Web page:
Graham and the Jews: A Complex Connection
The Nixon tapes revealed a shocking quote, but there was much more to his relationship with Judaism.
New York City gave Billy Graham a national stage like no other US city when he arrived in 1957. And the evangelist saw a special opportunity in its ethnic diversity, with “more Italians than Rome, more Irish than Dublin, more Germans than Berlin, more Puerto Ricans than San Juan.” He also knew that one out of every ten Jews in the world lived in New York.
Graham capitalized on the city’s ethnic character, notably inviting Martin Luther King Jr. to offer an opening prayer, preaching a Saturday afternoon Spanish service through an interpreter, and in his free time meeting with various Jewish groups. He developed a long-lasting friendship with Rabbi Marc Tanenbaum, then director of the Synagogue Council of America. Both were men of enormous influence in their own circles, and they did not hesitate to use their influence to advance each other’s interests.
Over the years, the Jewish community recognized Graham for his key role in interfaith relations. In 1960, it was Israel Prime Minister Golda Meir, presenting him with a Bible inscribed, “To a great teacher in all the important matters to humanity and a true friend of Israel.” In 1969, it was the Torch of Liberty Plaque awarded by the Anti-Defamation League. In 1971, it was the International Brotherhood Award from the National Conference of Christians and Jews. In 1977, it was the American Jewish Committee’s first interreligious award, with Tanenbaum declaring, “Most of the progress of Protestant-Jewish relations over the past quarter century was due to Billy Graham.”
The community’s appreciation for Graham stemmed in part from his repeated refusal to “single out the Jews as Jews” in his evangelism—despite his role as the spiritual grandfather of the Lausanne Consultation on Jewish Evangelism. In 1973, he distanced himself from the Key 73 evangelism campaign for its attempts to target Jews. In 2000, he similarly distanced himself from his own Southern Baptist Convention’s Jewish outreach in Chicago. As early as the 1957 New York crusade, Graham explained that his strategy did not involve recruiting people out of their religious families: “Anyone who makes a decision at our meetings is seen later and referred to a local clergyman, Protestant, Catholic, or Jewish.”
But Graham’s effort on behalf of Jews wasn’t just about his evangelism. When Syria and Egypt launched a surprise attack on Israel in October 1973, it soon became evident that Israel was under severe stress. The European powers refused to help. Richard Nixon hesitated to aid Israel for fear of escalating international tensions. But as the crisis grew graver, and Israel quietly threatened to use nuclear warheads, Nixon delivered weapons and supplies to stabilize Israel. Years later, Tanenbaum’s widow told The New York Times that it was only after Graham personally telephoned Nixon that the airlift began.
In 1982, Graham spoke at a Russian Orthodox–sponsored conference on how religious organizations could help avert nuclear catastrophe. But he also made some side trips, including visits to the Siberian Seven—Pentecostal asylum seekers who had taken refuge in the American embassy—and to Jewish leaders at Moscow’s only synagogue. Tanenbaum had urged Graham to take this controversial trip and had briefed him on the plight of Soviet Jewry. Graham always preferred to work for human rights behind the scenes and frequently used his travels in the Eastern Bloc to urge governments to allow Jews to emigrate and to teach their children Hebrew. But when he refused to criticize the Soviet government publicly, he came under attack in the press. Tanenbaum was among those who most publicly and eloquently came to Graham’s defense.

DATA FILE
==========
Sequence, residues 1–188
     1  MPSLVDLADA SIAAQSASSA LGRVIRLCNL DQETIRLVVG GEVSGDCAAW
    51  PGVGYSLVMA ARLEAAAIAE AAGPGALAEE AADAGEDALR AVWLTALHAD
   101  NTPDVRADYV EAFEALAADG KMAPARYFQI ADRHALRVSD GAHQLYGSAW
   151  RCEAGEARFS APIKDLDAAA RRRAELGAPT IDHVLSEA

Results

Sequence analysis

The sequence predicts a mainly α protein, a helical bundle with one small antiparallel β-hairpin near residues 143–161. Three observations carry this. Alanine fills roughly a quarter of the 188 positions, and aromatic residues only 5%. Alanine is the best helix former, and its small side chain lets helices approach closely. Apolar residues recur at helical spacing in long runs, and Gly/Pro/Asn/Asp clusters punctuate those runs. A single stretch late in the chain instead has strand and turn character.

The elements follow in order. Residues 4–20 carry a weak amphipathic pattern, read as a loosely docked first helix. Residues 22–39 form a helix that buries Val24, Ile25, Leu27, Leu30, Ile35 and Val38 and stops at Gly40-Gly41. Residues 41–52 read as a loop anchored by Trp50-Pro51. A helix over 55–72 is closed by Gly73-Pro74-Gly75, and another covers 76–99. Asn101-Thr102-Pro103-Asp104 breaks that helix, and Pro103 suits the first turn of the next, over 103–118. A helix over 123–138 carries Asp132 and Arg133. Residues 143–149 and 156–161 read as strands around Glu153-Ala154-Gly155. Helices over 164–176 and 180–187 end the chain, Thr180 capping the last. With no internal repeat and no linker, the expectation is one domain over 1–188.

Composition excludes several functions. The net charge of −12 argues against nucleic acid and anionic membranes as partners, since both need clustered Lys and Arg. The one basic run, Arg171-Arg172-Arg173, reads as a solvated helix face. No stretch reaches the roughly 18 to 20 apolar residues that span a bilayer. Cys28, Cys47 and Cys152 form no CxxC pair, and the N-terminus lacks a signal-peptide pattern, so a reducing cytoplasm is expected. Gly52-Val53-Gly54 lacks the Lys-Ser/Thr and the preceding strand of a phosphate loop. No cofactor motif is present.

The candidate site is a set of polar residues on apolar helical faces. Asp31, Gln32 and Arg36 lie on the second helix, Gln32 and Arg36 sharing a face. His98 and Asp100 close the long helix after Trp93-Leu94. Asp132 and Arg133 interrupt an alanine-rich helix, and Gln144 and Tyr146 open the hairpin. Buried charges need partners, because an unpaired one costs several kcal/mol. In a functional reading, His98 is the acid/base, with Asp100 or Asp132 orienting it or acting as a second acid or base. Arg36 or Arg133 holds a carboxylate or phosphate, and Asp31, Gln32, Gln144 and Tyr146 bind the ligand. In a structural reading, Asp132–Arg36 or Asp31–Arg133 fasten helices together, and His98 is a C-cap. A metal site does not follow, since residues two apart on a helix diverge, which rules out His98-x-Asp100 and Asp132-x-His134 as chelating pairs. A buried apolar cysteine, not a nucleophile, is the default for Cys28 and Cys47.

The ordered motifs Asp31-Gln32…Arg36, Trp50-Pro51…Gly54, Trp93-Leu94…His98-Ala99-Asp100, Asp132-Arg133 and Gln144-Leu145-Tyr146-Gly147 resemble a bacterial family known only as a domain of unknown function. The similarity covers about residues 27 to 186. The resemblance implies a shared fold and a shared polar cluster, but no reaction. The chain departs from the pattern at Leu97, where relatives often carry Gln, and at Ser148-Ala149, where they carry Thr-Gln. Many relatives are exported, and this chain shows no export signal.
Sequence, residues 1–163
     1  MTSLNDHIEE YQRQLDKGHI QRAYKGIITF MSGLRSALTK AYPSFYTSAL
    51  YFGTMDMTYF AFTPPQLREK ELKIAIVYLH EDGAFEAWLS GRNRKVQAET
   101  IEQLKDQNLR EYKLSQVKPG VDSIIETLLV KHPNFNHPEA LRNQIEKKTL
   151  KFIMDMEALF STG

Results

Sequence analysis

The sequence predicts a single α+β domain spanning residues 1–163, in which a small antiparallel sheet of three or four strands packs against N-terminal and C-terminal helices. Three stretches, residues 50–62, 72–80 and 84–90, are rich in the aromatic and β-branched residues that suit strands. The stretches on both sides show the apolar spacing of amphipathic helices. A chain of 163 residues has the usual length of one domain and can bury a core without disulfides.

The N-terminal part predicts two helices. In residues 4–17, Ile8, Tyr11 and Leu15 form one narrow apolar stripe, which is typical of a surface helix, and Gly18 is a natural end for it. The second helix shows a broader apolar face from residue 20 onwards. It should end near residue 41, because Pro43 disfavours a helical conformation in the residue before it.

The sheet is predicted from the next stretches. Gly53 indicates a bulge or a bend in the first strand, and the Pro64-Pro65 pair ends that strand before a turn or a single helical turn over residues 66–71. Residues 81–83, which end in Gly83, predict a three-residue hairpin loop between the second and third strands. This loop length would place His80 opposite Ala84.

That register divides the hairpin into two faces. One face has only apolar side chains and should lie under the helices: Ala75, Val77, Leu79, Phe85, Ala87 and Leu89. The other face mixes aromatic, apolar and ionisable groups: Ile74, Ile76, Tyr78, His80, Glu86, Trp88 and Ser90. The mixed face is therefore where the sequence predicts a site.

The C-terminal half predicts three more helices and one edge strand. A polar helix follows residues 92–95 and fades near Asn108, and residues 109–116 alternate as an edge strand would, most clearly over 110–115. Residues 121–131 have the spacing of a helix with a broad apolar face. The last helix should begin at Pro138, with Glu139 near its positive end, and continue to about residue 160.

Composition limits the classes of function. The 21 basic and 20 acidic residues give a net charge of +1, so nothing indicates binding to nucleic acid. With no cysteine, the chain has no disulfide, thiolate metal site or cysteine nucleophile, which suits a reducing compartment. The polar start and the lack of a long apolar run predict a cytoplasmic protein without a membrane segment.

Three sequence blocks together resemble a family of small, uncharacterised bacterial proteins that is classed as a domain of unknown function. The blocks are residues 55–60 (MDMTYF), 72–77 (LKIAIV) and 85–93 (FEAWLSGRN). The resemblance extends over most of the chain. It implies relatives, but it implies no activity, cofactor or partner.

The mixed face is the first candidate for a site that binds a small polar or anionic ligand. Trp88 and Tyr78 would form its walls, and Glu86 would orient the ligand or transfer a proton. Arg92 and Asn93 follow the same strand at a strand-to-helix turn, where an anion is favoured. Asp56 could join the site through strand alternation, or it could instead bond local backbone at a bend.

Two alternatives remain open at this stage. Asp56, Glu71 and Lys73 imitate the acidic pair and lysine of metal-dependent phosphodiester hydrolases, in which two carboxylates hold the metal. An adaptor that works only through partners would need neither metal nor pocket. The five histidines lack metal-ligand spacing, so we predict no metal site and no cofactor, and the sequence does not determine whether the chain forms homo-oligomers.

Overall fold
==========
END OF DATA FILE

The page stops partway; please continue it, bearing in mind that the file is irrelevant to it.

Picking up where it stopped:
As Graham’s public ministry wound down, he had established a public and private profile of cordial and cooperative relations with the Jewish community. The nation was therefore shocked at what they heard in 2002, when the National Archives released 30-year-old secretly taped conversations between Nixon and Graham. The president took the lead in complaining about Jewish influence in politics and control of the media. But when he asked Graham if he believed that, the evangelist missed his Nathan-and-David opportunity to object to blatant ethnic prejudice. Instead, he agreed and added, “Not all the Jews, but a lot of the Jews are great friends of mine. They swarm around me and are friendly to me because they know that I’m friendly with Israel and so forth. But they don’t know how I really feel about what they are doing to this country. And I have no power, no way to handle them, but I would stand up if under proper circumstances.”
When the tapes came out, the evangelist apologized immediately, Tanenbaum’s widow defended his character in The New York Times, and the Anti-Defamation League’s ever-vigilant Abraham Foxman accepted the apology on the behalf of all Jews. The controversy blew over quickly, but it left an indelible asterisk on Graham’s legacy.
Credit- Christianity Today
David Neff was editor in chief of Christianity Today from 1993 to 2012. He was also co-convener of an ongoing national Jewish-evangelical dialogue.